Pros and Cons of a Safe Room for Your Custom HomeDecember 8, 2020
When thinking about the features of your new custom home, some items will fall into the category of increasing aesthetic appeal, some will increase convenience, and others will provide a specific function, utility, or security value. A safe room is all about security and function and it’s a feature more homeowners are considering. Here are the pros and cons of a safe room for your custom home to help you determine if it’s a feature that makes sense for you:
What is a Safe Room?
A safe room is a reinforced room within a home that provides shelter and security from catastrophic weather events, fires, home invasions, or theft. A true safe room will be built to standards and guidelines laid out by FEMA.
Pros and Cons of a Safe Room for Your Custom Home
Here are some pros and cons of a safe room for your custom home to help you evaluate whether it’s right for you:
3 Pros of a Safe Room
A safe room can provide a lot of benefits to you and your family. Here are a few pros of a safe room:
1. A Safe Room Can Provide Peace of Mind
A safe room within a home provides a great deal of security, which also provides peace of mind. A safe room can help to provide added assurance of your family’s safety and well-being during external events that are outside of your control. When the highest level of home security is desired, a safe room is unparalleled at providing this benefit.
2. It Can be Built to Also be a Storm Shelter
A safe room can double as a storm shelter when it is constructed to FEMA standards. Depending on the geographic area in which you are building your custom home, extreme weather may be an issue that you will need to take into consideration for your family’s safety.
Additionally, many safe rooms are constructed to be fireproof. In areas that are prone or susceptible to fast-moving wildfires, a fireproof safe room can save lives when evacuation cannot occur fast enough to escape the danger of a raging fire.
3. Safe Rooms Have Flexible Placements
Safe rooms can be built above-ground or in-ground, which is below ground level. They can also be built into the home itself. Many safe rooms are located within the home’s basement level. However, a safe room can be built just about wherever you need it within your home plan.
For example, a secret entrance may be placed within a bedroom closet. They can also be built as above or below-ground detached structures that are outside of your home. This tends to be more common for storm-type shelters.
Safe rooms can also be built as separate structures adjacent to the home. The flexibility of the placement, layout, and design of a safe room is one of the benefits, as they can work with just about any custom home plan.
3 Cons of a Safe Room
In addition to benefits, there are some potential drawbacks to safe rooms as well. Here are a few cons of safe room:
1. A Safe Room Takes Up Space
Although safe rooms can be strategically placed just about anywhere in or adjacent to your home, it will still take up square footage in your home or your property lot. Depending on your lot size and home plan, a safe room could take up space that would have been otherwise available for other rooms or features within your new home.
You also have to determine how and where you will access a safe room. Typically, this means creating space for a hidden door of some kind. There are pros and cons of hidden doors as well, several of which overlap with the pros and cons of safe rooms.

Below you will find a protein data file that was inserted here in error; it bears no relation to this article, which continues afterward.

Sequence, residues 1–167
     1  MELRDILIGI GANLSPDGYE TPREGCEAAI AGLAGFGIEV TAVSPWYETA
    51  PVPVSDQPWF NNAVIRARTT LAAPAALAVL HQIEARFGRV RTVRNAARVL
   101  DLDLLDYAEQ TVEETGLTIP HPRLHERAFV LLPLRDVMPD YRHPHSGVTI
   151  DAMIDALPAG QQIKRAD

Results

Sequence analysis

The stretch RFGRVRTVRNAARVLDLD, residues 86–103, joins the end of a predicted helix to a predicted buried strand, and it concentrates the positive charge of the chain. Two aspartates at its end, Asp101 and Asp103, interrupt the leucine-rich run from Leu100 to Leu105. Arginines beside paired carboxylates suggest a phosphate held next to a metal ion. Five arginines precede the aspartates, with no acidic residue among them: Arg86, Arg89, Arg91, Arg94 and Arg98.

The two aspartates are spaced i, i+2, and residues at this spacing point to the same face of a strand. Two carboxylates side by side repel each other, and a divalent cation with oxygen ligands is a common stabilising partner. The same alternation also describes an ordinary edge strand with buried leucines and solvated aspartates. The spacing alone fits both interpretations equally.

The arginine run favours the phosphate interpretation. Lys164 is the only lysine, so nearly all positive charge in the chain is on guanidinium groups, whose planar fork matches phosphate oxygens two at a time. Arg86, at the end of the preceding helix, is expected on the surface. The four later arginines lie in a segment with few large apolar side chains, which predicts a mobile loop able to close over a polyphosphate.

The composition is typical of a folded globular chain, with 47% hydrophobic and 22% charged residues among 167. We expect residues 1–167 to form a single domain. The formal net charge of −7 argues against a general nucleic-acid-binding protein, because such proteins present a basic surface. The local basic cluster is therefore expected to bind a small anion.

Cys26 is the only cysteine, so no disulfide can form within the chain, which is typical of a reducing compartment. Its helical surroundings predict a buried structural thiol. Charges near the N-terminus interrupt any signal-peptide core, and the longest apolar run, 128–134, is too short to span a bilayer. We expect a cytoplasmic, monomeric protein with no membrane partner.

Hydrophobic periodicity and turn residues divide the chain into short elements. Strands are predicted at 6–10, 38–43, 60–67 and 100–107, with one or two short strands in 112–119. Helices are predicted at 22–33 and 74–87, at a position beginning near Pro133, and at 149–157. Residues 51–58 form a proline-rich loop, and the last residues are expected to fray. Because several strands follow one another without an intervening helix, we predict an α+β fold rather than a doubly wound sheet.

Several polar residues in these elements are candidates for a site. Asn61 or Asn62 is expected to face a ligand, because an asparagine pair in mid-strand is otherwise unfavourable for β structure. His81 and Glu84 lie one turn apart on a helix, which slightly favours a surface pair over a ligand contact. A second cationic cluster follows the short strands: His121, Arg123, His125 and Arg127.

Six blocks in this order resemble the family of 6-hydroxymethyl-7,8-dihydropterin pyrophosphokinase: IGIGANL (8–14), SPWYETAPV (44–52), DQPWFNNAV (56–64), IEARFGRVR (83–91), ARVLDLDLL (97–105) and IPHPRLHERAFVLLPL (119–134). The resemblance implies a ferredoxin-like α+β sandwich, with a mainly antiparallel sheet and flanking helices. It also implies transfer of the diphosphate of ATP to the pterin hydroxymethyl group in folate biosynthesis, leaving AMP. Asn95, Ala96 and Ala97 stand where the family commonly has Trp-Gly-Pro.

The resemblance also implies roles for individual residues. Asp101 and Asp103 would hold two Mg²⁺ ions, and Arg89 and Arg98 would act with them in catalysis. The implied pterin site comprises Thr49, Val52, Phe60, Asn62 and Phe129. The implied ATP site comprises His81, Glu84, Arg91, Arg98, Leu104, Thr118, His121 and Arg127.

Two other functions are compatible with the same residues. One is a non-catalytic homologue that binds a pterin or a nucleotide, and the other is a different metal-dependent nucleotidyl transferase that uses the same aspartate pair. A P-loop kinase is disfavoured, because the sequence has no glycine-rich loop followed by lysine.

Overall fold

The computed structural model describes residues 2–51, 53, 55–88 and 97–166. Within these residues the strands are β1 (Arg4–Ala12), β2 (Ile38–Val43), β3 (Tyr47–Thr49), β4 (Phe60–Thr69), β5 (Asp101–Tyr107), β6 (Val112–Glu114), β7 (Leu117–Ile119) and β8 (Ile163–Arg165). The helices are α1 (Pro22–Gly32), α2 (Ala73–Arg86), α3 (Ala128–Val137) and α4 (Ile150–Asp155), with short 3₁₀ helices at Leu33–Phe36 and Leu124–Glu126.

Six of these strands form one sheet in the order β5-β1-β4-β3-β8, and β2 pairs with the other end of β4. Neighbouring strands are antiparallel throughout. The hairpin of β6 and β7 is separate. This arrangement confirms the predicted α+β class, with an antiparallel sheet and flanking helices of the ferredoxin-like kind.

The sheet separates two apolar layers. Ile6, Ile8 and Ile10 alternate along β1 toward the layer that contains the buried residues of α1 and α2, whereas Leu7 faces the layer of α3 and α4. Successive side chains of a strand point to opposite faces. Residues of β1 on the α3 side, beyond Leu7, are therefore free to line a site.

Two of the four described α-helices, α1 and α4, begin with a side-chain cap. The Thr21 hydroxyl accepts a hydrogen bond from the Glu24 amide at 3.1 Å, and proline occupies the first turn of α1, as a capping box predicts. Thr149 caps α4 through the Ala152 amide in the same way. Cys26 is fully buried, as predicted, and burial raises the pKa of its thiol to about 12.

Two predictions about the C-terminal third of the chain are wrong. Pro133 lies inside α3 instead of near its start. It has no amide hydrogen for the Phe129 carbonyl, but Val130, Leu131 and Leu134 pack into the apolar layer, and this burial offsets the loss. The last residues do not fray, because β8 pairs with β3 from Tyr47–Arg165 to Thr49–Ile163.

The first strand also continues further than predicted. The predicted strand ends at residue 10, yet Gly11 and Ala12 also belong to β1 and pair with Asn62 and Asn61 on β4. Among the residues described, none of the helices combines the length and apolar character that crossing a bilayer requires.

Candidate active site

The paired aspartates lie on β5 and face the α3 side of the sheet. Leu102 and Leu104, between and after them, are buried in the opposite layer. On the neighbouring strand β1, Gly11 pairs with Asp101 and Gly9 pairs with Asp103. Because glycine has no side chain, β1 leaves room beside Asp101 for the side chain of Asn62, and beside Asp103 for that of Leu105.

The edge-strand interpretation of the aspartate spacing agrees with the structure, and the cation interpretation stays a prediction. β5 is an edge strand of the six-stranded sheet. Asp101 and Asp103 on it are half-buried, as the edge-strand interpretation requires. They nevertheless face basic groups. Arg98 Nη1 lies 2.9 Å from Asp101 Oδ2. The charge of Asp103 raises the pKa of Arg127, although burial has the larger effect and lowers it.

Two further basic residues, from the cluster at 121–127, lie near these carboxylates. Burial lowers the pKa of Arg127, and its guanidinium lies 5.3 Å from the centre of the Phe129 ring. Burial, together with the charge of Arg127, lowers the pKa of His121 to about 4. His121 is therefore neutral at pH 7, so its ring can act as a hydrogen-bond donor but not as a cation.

2. It Could be Unnecessary
A safe room may be unnecessary for your situation or for your area. If your area has a low crime rate or you’re not a conventional “target” for a home invasion or ransom types of crime, you may not need a safe room for security reasons. The same may be true if you opt for other types of home security measures that may be more than adequate.
If extreme weather is less of an issue in your geographic location and your lot is fairly protected, a safe room may be an unnecessary added expense to your home building project. In this case, a safe room might just take up space that could be used in a better way.
3. Safe Rooms Sometimes Use Materials That Can be Hard to Find
Due to the materials required for their construction, safe rooms will increase the building costs of your custom home. Furthermore, these materials can be hard to find and acquire, which can lead to an altered or extended timeline for your home building project.
The materials used in the construction of safe rooms can require additional installation considerations due to their physical properties and weight. This can also create extensions on the timeline of your building project if special equipment or additional crews are required for installation. It’s worth it if a safe room is necessary. But, if a safe room is more of a want than a need, this con is worth considering before you add a safe room into your home design.
Hidden rooms, whether they are a safe room or a comfortable getaway, are one of the popular custom home design ideas. Evaluating some of the pros and cons of a safe room for your custom home can help you determine if one is right for you.
For some homeowners, safe rooms are a necessity while their benefits may not outweigh the costs in some cases. Weighing the pros and cons along with your family’s needs and talking to your custom home builder can help you figure out whether this feature is right for your custom home design.
Safe room or not, planning out a custom home can be a lot of work. Partnering with the right custom home builder can make it a lot easier, especially if they have a built-in design/build process. If you’re ready to get started on your custom home, give Custom Home Group a call at 717-284-4090. We would love to discuss all of the available options and ways we can make your dream home a reality!